Fifty-two years ago, on December 10, 1967, a private plane carrying Otis Redding and the members of his touring band stalled on its final approach to the municipal airport in Madison, Wisconsin, and crashed into the waters of Lake Monona, killing all but one of the eight people onboard. Though Redding was only twenty-six years old at the time of his death, he was regarded by growing numbers of black and white listeners in the United States and Europe as the most charismatic and beloved soul singer of his generation, the male counterpart to Aretha Franklin, whom he had recently endowed with the hit song “Respect.” In the preceding year, on the strength of his triumphant tours of Britain, France, and Scandinavia, his appearances at the Fillmore Auditorium in San Francisco, and his domineering performance at the Monterey Pop Festival, Redding had pushed beyond the commercial constraints of the so-called “Chitlin’ Circuit” of ghetto theatres and Southern night clubs. He was determined to become the first African-American artist to connect with the burgeoning audience for album rock that had transformed the world of popular music since the arrival of the Beatles in America, in 1964.
Redding’s success with this new, ostensibly hip, predominantly white audience had brought him to a turning point in his career. Thrilled with the results of a throat surgery that left his voice stronger and suppler than ever before, he resolved to scale back his relentless schedule of live performances in order to place a greater emphasis on recording, songwriting, and production. In the weeks before his death, he had written and recorded a spate of ambitious new songs. One of these, the contemplative ballad “(Sittin’ On) The Dock of the Bay,” became his self-written epitaph when it was released as a single, in January of 1968. A sombre overture to the year of the Tet Offensive, the assassinations of Dr. Martin Luther King, Jr., and Senator Robert Kennedy, and the election of Richard Nixon as President, the song went on to become the first posthumous No. 1 record in the history of the Billboard charts, selling more than two million copies and earning Redding the unequivocal “crossover” hit he had sought since his début on the Memphis-based label Stax, in 1962. To this day, according to the performance-rights organisation BMI, “(Sittin’ On) The Dock of the Bay” remains one of the most frequently played (and streamed) recordings in the annals of American music.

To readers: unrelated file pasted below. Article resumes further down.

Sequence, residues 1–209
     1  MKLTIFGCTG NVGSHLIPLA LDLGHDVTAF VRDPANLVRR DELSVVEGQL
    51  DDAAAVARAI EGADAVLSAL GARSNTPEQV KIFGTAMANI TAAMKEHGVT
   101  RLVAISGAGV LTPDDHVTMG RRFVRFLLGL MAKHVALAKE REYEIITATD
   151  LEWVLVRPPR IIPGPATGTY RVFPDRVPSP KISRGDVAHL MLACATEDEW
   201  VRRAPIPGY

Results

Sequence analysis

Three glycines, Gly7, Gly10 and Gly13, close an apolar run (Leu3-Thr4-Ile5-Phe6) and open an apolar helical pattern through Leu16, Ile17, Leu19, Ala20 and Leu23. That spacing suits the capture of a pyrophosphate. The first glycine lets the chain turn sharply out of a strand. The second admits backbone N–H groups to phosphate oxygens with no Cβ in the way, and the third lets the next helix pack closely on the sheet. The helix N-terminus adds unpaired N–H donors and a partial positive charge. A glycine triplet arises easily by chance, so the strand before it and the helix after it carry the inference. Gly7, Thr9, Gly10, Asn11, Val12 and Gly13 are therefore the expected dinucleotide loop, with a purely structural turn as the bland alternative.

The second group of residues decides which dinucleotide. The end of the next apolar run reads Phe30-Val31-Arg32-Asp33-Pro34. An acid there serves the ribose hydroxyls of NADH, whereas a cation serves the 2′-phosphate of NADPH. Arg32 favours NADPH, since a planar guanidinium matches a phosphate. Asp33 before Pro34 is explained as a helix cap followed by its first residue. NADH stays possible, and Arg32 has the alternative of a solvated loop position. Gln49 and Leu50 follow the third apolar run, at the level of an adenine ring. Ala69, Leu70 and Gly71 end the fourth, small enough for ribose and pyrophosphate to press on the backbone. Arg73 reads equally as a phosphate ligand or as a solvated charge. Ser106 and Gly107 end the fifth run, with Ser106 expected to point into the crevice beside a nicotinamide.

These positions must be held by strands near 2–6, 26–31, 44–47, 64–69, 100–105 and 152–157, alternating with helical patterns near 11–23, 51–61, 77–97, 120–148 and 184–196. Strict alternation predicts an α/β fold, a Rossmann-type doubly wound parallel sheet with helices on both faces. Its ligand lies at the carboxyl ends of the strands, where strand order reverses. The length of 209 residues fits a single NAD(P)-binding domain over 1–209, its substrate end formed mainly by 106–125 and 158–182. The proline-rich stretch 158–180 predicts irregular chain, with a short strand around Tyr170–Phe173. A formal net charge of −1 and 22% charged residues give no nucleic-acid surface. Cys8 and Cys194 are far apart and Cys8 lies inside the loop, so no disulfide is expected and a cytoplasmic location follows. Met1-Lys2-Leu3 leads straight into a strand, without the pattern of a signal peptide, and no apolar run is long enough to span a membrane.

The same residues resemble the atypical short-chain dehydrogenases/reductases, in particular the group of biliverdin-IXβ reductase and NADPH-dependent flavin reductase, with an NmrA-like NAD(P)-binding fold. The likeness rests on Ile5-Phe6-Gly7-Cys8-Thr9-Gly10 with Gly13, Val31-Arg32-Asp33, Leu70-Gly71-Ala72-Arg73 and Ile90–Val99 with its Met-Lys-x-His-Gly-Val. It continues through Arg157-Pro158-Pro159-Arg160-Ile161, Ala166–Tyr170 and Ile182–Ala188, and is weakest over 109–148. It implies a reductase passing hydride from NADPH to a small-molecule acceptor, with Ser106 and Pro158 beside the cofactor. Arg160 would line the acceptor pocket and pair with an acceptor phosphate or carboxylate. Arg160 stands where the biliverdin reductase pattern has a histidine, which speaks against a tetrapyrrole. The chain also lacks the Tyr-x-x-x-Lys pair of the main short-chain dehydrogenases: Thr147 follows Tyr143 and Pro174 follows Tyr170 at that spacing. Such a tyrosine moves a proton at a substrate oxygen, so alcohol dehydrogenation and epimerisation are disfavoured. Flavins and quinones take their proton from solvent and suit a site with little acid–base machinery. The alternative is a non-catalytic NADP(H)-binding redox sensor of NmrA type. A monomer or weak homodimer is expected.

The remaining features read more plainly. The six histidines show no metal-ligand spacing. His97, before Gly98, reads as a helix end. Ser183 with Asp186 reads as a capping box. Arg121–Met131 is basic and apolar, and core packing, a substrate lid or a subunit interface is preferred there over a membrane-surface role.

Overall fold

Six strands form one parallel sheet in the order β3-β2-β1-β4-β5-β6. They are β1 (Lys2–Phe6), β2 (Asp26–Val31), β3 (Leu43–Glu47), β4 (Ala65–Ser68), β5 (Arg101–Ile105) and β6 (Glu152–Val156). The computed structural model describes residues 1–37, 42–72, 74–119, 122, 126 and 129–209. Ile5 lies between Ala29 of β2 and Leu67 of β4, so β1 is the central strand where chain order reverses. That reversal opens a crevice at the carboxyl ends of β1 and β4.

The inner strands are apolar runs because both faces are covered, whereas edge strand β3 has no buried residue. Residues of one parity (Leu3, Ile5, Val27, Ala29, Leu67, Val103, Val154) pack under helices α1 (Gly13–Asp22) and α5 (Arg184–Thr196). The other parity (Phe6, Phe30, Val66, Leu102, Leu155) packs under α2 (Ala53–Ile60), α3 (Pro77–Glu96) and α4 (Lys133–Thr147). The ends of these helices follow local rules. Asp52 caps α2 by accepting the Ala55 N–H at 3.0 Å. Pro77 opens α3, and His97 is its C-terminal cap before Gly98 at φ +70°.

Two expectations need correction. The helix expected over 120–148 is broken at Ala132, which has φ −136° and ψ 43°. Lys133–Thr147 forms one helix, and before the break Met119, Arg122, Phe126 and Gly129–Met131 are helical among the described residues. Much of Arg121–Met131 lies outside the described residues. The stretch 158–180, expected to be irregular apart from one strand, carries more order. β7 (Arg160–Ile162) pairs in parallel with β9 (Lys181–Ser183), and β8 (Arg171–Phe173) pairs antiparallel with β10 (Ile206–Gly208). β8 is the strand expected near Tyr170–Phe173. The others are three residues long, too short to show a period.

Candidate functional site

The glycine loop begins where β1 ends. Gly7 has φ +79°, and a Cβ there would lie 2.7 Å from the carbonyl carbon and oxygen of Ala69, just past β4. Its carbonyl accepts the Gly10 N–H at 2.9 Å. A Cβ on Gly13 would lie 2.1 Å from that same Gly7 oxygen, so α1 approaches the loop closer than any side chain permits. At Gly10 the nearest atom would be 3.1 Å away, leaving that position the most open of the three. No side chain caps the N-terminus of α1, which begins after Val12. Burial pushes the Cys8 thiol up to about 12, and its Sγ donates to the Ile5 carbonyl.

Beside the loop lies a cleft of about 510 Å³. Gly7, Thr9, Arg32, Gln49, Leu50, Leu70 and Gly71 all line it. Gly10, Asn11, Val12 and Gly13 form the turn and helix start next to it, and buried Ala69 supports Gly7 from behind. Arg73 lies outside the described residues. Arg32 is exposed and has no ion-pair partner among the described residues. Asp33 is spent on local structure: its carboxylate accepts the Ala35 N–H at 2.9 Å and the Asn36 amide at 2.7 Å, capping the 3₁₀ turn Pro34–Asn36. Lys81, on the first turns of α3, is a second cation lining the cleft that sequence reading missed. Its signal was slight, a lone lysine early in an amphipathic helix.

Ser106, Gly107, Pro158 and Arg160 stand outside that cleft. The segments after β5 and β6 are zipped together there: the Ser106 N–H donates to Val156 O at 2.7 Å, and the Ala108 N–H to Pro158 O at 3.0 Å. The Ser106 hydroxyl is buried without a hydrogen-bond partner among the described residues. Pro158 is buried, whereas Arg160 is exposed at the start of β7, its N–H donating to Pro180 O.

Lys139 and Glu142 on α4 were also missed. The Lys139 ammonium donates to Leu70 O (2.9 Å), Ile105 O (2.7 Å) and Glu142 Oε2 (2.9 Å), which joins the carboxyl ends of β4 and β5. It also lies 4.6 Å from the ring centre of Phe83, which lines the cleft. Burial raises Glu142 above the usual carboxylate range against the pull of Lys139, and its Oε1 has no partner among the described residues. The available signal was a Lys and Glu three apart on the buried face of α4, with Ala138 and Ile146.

In an age of pop culture replete with African-American superstars like Michael Jackson, Prince, Usher, Kanye West, and Jay-Z, it is hard for modern audiences to appreciate how revolutionary the self-presentations of soul singers like Otis Redding were when they first came on the scene. Prior to the mid-fifties, it had simply been taboo for a black man to perform in an overtly sexualized manner in front of a white audience in America. (Female black entertainers, by contrast, had been all but required to do so.) In the South, especially, the social psychology of the Jim Crow regime was founded on a paranoid fantasy of interracial rape that was institutionalized by the press and popular culture in the malignant stereotype of the “black brute,” which explicitly sexualized the threat posed by black men to white women and white supremacy. Born in Georgia in 1941, the same year as Emmett Till, Otis Redding grew up in a world where any “suggestive” behaviour by a black male in the presence of whites was potentially suicidal.
This dire imperative began to change with the proliferation of black-oriented radio stations, in the nineteen-fifties, which enabled rhythm-and-blues singers like Fats Domino, Little Richard, and Ray Charles to sell large numbers of their records, sight unseen, to white teen-agers. Yet it was significant that these early black crossover stars were piano players, who performed behind keyboards, and whose sexuality was further qualified, in Domino’s case, by his corpulence; in Charles’s case, by his blindness; and, in Richard’s case, by the effeminacy that he deliberately played up as a way of neutering the threat of his outlandish stage presence. It was no accident that the one black crossover star of the nineteen-fifties who made no effort to qualify his sexuality, the guitarist Chuck Berry, was also the one black star to be arrested, convicted, and imprisoned, in 1960, on a trumped-up morals charge. By that time, a new contingent of black singers led by Sam Cooke and Jackie Wilson was making its mark on white listeners with a more polished style of self-presentation that became the model for Berry Gordy’s carefully choreographed Motown groups.